To be there. Whether it is Paris, France, or the red canyons of the American West or anywhere in the world you can name, being there is nothing, absolutely nothing at all, like looking at pictures of the place or watching a movie set with the same scenes. When David and I went back together in the year 2000, the dinner we had one night with his English friend, Justin, and my French friend, Hélène, brought together three of the loves of my life: David, Paris, Helene. But I am getting ahead of my story....

Revenons à nos moutons. (I love that old French saying!) Back to 1987, that is. I was there, waking that first morning to pigeons cooing, fluttering past my bedroom window, to French voices speaking and singing (yes), to the distinctive clink of spoon against china echoing against the stone walls of the air shaft. Being there, I was surrounded not only by sights but also by sounds and by smells--no, call them perfumes, even that damp stone smell, even the diesel odor of heavy traffic. I couldn’t breathe in the air deeply enough. When the chestnut trees bloomed, my joy became so intense it was almost pain, but there was no question of “taking leave of my senses.” My senses were overloaded but continued to be greedy for more.

Hélène recognized herself in me, I think—this tendency we shared to excessive response (as some would see it).. Of my parents’ generation, both an only child and childless, separated for decades from her own artist husband (another thing we had in common at that time), my landlady looked out for me. “Take an umbrella!” she would say on a rainy day, urging hers on me. “Don’t waste your money on expensive wine. I buy it in bulk.” But there was so much more to her, so much more to our connection than that. One evening we were watching television together, and an old clip came on, Jacques Brel singing “Ne Me Quittes Pas.” We know the English lyrics as “If You Go Away,” but the French words are pleading, “Don’t leave me!” Abruptly, Hélène got up from the table, went to her room, closed the door and came out no more that evening. Had I said something wrong? No, she explained the next morning. She had been overcome by memory and emotion.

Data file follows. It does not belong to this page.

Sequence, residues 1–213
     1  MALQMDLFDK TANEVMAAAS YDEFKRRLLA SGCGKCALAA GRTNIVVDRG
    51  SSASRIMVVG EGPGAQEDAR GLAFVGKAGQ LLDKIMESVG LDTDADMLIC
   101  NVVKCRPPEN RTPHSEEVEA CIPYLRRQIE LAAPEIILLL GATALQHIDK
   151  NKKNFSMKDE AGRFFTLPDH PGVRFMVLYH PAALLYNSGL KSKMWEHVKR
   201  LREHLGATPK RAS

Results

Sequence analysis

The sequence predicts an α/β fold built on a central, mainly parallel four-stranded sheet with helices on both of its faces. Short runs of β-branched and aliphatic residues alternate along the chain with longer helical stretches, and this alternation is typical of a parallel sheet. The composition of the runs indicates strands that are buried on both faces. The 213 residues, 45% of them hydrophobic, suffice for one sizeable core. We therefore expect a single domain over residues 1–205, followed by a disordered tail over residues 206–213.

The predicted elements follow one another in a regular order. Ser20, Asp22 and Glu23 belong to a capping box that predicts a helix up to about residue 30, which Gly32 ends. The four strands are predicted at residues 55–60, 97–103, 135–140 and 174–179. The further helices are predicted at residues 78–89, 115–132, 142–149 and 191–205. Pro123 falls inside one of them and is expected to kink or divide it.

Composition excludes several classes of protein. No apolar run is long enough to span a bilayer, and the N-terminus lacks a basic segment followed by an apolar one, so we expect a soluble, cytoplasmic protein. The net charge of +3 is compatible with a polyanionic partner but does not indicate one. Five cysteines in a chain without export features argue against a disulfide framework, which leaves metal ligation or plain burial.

Over the years of our deepening friendship, during my visits and in letters, Hélène shared bits and pieces of her life with me, and across what should have been a generational and cultural gap we recognized each as what Anne Shirley (Anne of Green Gables) called “kindred spirits.” Hélène loved my love of Paris, too, so my forecast was borne out—I’m realizing this only today, for the first time, as I type the words: “They will love me because I will be so happy to be there,” I had said in Kalamazoo, and so it came to pass, surprisingly, with the woman from whom I rented my room on the rue de Vaugirard!

But the month, my first visit, came to an end, and I had to go home. I cried as the plane took off, feeling the pain of every mile that separated me from the place I had grown to love. Landing in Chicago, I recoiled upon hearing flat Midwestern voices again. Does this sound terrible? I’m being honest. I hadn’t wanted to come home and no longer felt “at home” in my own country.